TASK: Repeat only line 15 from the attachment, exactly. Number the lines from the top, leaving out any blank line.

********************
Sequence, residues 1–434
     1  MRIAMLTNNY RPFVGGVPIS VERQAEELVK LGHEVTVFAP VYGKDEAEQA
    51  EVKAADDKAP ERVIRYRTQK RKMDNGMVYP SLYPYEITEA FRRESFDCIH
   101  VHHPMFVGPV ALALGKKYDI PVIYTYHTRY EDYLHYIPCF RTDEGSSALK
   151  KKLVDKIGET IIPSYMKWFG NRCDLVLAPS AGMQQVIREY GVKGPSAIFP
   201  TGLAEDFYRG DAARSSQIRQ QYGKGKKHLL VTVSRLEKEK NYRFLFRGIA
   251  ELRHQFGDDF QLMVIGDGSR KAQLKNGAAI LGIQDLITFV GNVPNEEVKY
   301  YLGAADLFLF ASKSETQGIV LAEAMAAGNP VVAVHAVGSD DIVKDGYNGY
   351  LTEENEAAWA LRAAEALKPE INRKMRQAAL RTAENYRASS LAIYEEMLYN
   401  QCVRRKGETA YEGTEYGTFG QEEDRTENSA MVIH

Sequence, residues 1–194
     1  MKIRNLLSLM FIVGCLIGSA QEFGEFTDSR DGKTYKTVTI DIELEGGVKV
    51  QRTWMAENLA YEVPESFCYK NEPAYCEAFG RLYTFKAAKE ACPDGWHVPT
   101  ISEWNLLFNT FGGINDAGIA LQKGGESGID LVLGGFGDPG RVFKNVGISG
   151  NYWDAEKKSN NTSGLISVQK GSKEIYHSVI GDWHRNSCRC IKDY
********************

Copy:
   151  NYWDAEKKSN NTSGLISVQK GSKEIYHSVI GDWHRNSCRC IKDY